The chair of the US Securities and Exchange Commission has called for a strengthening of “the guardrails of finance” in the wake of the collapse of Silicon Valley Bank, as he pushes to implement a swath of new rules in the face of industry pushback.
Gary Gensler on Wednesday said SVB’s dramatic implosion last week was “a reminder of the importance of these resiliency projects for everyday Americans”.
“Unfortunately, history tells us that events like those of this past week will occur from time to time,” he added ahead of an SEC vote on new proposals including cyber security risk management. “Thus, we should do our best to make them less frequent, strengthen the guardrails of finance for when they do occur, and protect the American public.”
Since his appointment as SEC chair two years ago, Gensler has proposed a string of sweeping new regulations in areas including Treasury securities, private equity and climate risk disclosures, in an effort to protect investors and improve market efficiency.
The volume and breadth of Gensler’s proposed measures have generated strong pushback from Wall Street, which argues the rules may have unintended consequences and that it has often been given too little time to give feedback on the proposals. The SEC has extended public comment periods for some measures.
Some lawmakers have expressed concerns about Gensler’s policy agenda, arguing he is reaching beyond his agency’s mandate. Republicans have pointed in particular to the SEC’s proposed climate rule, which would force public companies to disclose their direct greenhouse gas emissions.
However Gensler has argued he is merely implementing US securities laws and seeking to increase financial markets’ transparency and competitiveness for the benefit of investors.
His regulatory push comes in the wake of the 2022 Supreme Court West Virginia vs Environmental Protection Agency decision, which found that the EPA was not specifically authorised by Congress to curb carbon emissions, thus casting doubts on US regulators’ rulemaking powers more broadly. The SEC is now facing a case at the high court that challenges its internal enforcement procedures.
On Wednesday, Democratic senators Elizabeth Warren of Massachusetts and Connecticut’s Richard Blumenthal wrote to the SEC and the Department of Justice calling for them to conduct a “comprehensive investigation” of SVB’s senior executives and US officials “involved in the collapse”.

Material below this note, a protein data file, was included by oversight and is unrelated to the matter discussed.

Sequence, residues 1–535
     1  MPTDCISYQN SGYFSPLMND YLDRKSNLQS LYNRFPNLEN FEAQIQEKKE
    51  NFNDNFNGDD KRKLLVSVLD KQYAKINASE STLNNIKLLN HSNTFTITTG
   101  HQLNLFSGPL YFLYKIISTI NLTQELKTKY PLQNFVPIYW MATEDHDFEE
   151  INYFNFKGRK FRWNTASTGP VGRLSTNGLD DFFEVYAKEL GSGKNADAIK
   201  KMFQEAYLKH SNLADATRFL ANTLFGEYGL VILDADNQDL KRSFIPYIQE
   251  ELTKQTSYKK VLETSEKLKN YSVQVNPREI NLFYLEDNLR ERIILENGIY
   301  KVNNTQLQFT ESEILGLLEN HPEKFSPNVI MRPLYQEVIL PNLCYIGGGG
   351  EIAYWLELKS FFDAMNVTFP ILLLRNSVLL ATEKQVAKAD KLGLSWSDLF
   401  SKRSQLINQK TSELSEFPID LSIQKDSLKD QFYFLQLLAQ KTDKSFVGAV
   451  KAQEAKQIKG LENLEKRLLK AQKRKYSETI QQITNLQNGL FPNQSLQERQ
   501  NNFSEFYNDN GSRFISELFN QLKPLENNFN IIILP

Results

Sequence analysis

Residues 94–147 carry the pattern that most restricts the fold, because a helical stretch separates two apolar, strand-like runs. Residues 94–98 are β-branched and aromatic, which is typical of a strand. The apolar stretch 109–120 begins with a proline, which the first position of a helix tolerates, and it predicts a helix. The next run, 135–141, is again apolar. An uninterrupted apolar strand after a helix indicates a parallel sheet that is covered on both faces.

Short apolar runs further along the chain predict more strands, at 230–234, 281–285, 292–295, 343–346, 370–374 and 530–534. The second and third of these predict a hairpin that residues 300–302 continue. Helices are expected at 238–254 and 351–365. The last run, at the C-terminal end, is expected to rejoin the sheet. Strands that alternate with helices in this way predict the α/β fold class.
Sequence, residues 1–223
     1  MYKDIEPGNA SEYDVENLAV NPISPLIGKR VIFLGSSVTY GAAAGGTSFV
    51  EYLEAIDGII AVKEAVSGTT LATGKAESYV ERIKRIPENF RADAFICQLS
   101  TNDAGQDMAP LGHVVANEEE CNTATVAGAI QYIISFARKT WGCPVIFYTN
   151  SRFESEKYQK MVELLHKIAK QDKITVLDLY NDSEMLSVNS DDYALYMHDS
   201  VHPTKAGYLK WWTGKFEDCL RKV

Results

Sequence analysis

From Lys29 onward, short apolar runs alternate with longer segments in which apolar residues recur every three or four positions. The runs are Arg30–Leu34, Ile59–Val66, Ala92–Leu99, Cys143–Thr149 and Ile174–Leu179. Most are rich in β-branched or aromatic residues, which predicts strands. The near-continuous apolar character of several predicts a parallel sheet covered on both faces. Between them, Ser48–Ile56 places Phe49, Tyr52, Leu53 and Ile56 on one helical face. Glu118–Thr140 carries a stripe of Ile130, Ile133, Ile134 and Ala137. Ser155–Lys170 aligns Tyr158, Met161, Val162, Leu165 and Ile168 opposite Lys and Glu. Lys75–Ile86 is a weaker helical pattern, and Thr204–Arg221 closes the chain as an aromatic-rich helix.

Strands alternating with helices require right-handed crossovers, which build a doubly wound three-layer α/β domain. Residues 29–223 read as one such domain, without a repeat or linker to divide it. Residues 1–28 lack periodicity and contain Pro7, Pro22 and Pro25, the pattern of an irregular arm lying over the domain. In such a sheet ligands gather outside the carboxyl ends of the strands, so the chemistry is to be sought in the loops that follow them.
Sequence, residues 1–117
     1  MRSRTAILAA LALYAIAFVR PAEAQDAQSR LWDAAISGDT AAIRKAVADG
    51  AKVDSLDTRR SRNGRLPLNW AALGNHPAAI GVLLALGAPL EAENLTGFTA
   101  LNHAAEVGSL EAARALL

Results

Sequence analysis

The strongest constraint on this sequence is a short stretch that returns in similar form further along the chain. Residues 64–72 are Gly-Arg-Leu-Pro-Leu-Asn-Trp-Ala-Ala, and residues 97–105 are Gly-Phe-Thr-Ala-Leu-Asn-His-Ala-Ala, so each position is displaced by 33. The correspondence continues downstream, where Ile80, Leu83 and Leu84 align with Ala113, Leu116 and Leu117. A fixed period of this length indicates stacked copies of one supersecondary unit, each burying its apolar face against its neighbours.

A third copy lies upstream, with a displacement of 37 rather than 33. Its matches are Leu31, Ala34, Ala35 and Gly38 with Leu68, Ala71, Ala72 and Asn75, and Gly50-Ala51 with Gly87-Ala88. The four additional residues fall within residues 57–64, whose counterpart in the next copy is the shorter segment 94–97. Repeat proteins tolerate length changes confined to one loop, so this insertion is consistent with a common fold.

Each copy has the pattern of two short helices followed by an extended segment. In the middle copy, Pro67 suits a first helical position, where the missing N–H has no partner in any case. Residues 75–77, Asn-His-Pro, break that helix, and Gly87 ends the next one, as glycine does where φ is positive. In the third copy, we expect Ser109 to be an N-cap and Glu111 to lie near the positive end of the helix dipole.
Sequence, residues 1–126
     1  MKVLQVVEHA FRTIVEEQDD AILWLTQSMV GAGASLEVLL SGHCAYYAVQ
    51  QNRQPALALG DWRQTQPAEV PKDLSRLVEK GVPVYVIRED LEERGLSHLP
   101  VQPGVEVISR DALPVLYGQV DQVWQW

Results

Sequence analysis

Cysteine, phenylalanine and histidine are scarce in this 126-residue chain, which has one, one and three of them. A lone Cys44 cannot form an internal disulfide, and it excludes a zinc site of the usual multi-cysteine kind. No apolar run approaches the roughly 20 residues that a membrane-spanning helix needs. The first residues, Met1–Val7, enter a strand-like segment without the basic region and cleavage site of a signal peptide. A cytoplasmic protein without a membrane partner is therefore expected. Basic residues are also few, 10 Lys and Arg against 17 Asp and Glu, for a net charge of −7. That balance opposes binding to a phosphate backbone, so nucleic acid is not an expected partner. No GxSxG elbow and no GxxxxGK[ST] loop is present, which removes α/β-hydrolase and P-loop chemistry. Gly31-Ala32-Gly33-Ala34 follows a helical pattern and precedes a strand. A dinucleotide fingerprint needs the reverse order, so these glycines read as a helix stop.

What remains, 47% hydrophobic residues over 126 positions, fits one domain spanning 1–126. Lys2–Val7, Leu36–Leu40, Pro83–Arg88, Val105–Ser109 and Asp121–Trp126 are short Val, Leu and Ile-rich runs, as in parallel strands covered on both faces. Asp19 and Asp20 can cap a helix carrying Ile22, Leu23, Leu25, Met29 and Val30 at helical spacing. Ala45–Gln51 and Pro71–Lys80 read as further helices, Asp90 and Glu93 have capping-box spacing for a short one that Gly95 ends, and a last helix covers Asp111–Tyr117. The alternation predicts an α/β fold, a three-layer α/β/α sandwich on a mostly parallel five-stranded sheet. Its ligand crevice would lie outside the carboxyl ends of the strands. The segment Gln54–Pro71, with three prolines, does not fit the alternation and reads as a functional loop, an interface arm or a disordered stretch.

The DoJ has launched a probe into SVB’s fall, and the SEC is also investigating the bank’s collapse, according to media reports. Gensler on Sunday said that “without speaking to any individual entity or person, we will investigate and bring enforcement actions if we find violations of the federal securities laws”.
The probes come amid a broader reckoning at the Federal Reserve over how it supervised SVB but also its rules governing banks more broadly.
US regulators have come under fire since SVB’s implosion, which prompted authorities to intervene over the weekend to ward off a more pronounced banking crisis. The Fed on Sunday announced the creation of a lending facility for banks to ensure their depositors’ needs would be fully met.
As part of its review, according to a person familiar with the matter, the Fed is considering how to bolster capital and liquidity requirements for banks with between $100bn and $250bn in assets — a subset of banks, including SVB, that was given lighter regulatory oversight during the Trump administration.
The stress tests the Fed imposes on lenders to test their capacity to weather adverse shocks could also be made more stringent, the person said, alongside other rules.
The review, which the Fed announced on Monday, will be published by May 1.
“The SEC has a robust regulatory agenda to ensure that the capital markets, including the shadow banking system in particular, are properly and fully regulated to protect the public,” said Dennis Kelleher, co-founder of Better Markets, a non-profit investor advocacy group. “What we need is the regulators and supervisors at the Federal Reserve and elsewhere to be as committed to aggressive and robust regulation of financial institutions in the United States as the SEC is.”